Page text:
Your weekend think piece: It's time for our politicians (and journalists) to get religion

Yes, this post is about an op-ed piece from an advocacy publication.

However, every now and then your GetReligionistas share material of this kind when it has obvious relevance to debates about the quality of religion-news coverage in the mainstream press, here in America and abroad. This Damian Thompson piece from The Spectator (hat tip to Rod "friend of this blog" Dreher) is precisely that kind of think piece.

The context, of course, is the wave of persecution and violence in Syria and Iraq, with the Islamic State leading the charge. The U.S. government experts watched and watched and watched (thank you, Kristen Powers) as this tsunami of blood rolled over the land, affecting all kinds of religious minorities, including Christian communities with roots all the way back to the early church fathers.

Why the delay? Partially, it was a matter of politics. The right wants to blame President Barack Obama for literally everything that is going on. The left still wants (with just cause, in my opinion) to keep bashing the culture-building dreams of President George W. Bush, who was absolutely convinced that Western democracy works for everywhere, for everyone, even without that whole Bill of Rights thing going on.

Thompson's thesis is quite simple: Our elites just don't get religion.

Obviously, your GetReligionistas think it's safe to say that -- especially at the global-news level -- this applies to elite journalists, as well. Here is his overture:

Today we are witnessing the extraordinary -- and long overdue -- spectacle of an American president intervening in Iraq to protect religious minorities from ISIS death squads motivated by their own extreme religious beliefs. The minorities are Christians, whose looming extinction the West has ignored for years, and the Yazidis, members of an ancient faith rooted in Zoroastrianism that very people had heard of until the past fortnight. The butchery in Iraq and Syria -- and that is exactly the right word, since ISIS have literally cut children in half -- bears out my argument that ‘religion is the new politics’.

So what is going on here?

Simply stated, Western elites are sliding in a post-religion direction while the rest of the world never got that memo and, in fact, it is possible that -- for better (angels) and for worse (demons) -- large segments of the world have been getting more religious, while living in increasingly deep silos defined by often radicalized forms of doctrine.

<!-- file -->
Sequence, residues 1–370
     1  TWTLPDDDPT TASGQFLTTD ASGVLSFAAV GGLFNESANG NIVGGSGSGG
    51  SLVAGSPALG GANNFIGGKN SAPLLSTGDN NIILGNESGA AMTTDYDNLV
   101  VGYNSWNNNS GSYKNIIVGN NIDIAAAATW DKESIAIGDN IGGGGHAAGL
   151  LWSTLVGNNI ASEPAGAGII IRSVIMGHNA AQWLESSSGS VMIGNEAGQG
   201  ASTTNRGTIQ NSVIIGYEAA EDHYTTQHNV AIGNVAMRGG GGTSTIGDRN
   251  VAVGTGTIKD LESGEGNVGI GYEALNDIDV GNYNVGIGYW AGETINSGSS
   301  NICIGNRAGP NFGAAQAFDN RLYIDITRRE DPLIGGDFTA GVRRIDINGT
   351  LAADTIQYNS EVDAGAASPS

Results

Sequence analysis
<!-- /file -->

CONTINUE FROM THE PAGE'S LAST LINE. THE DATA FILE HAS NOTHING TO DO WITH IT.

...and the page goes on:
Meanwhile, our scribes and rulers in the West have trouble drawing a cultural and doctrinal line between Islam the "religion of peace" and the radicalized forms that are running wild in Syria, Iraq, Pakistan, etc., etc. And what is the press supposed to do with Buddhist terrorists? Or truly radical Hindu activists? 

Here is a key chunk of the essay:

... Religion has made a startling comeback around the globe. Religion in general, that is -- including, but not confined to, the nasty stuff (torching of dormitories, bombs on the Tube, stoning of adulterers, Giles Fraser’s sermons etc). In fact, in many respects, religion has become the new politics.
In dozens of countries, disputes that we may think of as ethnic, political or economic are now unmistakably religious in character: everything from squabbles over school textbooks in New Delhi to throat-slitting in Syria. We see this most clearly in the Middle East, where national boundaries are dissolving and reforming along religious lines. Our inability to recognise religion means, for example, that we plotted an invasion of Iraq in 2003 without realising that we’d be blowing the lid off a Sunni vs Shia civil war.
Even in Britain, our politicians keep being surprised when religion bursts back into the public debate.  ... Over the years Britain has, by some measures, become the least religious country in the developed world. Our overwhelmingly secular outlook means that we struggle to understand international affairs. The Foreign Office seems to live in world clearly marked with political borders, where power lies in the government ministries and police stations. But the jihadis know that to control a chunk of Nigeria they impose Sharia law -- more effective than a coup. They’re playing old power games with new, religious rules. Also, we instinctively divide ‘faith traditions’ into fundamentalists versus democrats -- a crude, naïve and dangerous dichotomy.

Read it all. And pass it on to journalists, activists and politicians you know.

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